War is futile – that’s been told to us in a bunch of ways through the decades. In the post modern aspect of things, directors and script writers need to tell about the aftermath of war, as much as they need to tell about the war itself. The new Netflix Original film, Triple Frontier, does just that. In the film, though we don’t see war, we see the effect it has on civilians, the Government and most importantly on the soldiers who go to war.
Triple Frontier stars Ben Affleck, Charlie Hunnam, Garret Hedlund, Pedro Pascal and Oscar Issac as once were soldiers, Redfly, William, Miller and Morales and Garcia. These five are commissioned in a secret mission to get millions of dollars that are stashed way by a criminal. On paper, the film seems to be an out and out actioner – it could be a lesser version of The Expendables or even The A Team. But director J C Chandor and writer Mark Boal decide to take this to a very different level. While the actual mission goes okey dokey, it’s the escape plan that botches, resulting in the four to not just try to escape, but face the ghosts of their past.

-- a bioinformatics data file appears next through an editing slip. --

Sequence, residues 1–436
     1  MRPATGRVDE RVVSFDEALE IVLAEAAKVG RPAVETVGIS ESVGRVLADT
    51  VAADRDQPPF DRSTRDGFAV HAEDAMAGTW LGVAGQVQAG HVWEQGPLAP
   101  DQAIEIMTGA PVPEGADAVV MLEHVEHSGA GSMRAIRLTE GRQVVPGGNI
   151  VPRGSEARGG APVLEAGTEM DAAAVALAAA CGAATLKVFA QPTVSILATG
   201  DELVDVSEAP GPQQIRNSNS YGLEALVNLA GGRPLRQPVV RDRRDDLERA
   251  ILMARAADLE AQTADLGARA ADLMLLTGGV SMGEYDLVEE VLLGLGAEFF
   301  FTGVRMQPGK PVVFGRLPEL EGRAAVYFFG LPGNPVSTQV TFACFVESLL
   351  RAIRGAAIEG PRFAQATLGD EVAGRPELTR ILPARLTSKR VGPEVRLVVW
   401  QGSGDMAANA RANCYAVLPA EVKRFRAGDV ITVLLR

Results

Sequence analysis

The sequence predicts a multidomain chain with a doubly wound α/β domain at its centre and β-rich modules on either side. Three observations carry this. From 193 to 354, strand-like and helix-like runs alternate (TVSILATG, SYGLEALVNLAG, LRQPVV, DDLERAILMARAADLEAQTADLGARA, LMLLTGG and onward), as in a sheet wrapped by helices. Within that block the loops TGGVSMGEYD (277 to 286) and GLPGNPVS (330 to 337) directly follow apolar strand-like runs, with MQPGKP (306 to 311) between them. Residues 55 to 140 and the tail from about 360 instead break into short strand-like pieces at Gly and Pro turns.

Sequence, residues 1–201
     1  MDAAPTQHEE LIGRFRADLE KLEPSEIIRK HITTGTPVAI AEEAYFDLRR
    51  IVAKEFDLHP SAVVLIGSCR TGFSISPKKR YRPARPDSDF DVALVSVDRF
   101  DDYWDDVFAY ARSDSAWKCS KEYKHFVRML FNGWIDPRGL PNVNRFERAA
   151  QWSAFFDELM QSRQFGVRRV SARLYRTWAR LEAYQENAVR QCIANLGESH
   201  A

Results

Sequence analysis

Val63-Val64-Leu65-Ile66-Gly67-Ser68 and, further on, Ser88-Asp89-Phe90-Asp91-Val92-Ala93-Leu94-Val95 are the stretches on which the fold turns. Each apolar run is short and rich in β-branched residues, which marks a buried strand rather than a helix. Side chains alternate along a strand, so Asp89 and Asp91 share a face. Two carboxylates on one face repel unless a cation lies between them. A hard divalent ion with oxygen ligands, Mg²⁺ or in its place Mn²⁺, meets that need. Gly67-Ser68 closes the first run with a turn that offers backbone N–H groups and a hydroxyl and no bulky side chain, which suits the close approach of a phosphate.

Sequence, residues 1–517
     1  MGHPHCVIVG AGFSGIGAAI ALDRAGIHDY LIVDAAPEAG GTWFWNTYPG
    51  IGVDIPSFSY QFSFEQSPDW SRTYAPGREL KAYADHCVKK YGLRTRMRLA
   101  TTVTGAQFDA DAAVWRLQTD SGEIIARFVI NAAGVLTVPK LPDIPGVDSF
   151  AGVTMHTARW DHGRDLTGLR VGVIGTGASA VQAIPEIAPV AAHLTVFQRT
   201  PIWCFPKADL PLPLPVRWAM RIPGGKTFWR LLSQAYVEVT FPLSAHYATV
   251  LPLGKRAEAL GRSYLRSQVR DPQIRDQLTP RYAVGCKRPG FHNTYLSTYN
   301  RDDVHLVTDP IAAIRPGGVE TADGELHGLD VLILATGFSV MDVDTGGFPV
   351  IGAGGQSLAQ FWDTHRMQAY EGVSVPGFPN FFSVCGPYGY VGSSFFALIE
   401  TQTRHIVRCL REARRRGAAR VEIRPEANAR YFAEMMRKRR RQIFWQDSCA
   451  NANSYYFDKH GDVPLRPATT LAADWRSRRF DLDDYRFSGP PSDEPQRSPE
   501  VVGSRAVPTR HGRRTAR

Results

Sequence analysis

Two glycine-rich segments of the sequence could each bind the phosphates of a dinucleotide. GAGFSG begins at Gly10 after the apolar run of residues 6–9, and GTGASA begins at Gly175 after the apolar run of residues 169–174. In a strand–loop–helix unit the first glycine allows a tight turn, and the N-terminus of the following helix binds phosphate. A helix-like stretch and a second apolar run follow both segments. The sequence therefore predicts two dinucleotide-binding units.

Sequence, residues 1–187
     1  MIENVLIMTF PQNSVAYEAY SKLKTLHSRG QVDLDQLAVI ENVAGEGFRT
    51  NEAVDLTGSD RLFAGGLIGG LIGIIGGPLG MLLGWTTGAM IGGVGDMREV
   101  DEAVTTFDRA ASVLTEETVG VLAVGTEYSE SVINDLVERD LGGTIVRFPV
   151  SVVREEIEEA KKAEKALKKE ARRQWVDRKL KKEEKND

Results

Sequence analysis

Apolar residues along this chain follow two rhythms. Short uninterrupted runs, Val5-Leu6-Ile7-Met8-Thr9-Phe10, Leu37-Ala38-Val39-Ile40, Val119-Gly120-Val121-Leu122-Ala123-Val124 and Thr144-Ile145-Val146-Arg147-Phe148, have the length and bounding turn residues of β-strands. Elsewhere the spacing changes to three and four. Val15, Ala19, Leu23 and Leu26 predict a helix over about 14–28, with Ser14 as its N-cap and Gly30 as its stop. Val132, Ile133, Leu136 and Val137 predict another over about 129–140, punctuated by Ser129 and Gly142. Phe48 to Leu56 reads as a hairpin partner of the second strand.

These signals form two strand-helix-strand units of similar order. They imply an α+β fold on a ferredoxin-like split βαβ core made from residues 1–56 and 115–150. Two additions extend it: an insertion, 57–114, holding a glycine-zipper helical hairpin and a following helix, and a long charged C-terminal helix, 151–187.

What’s Wow: Triple Frontier makes a good case against war. The rousing soundtrack, that’s mostly Country songs about the fallacies of war connect perfectly with what’s happening on screen. Performances are at par, with Oscar Isaac standing out as the head of the whole operation. Netflix’s productions values can no longer be criticised, only countered. It has once again come up with a stunning piece of work that would have been picked up by any distributor in the world.
What’s Blah: The screenplay though, falls flat. Such once-were-soldiers films usually depend on the dual logues. Triple Frontier has them, but they don’t strike as memorable for the audience. So, while you do connect with the characters, they don’t remain with you once the credits roll off.
Parting Shot: Triple Frontier is an emotional, rousing film about war and its aftermath
Cast: Ben Affleck, Oscar Isaac, Charle Hunnam, Pedro Pascal, Garret Hedlund
Watch the trailer here :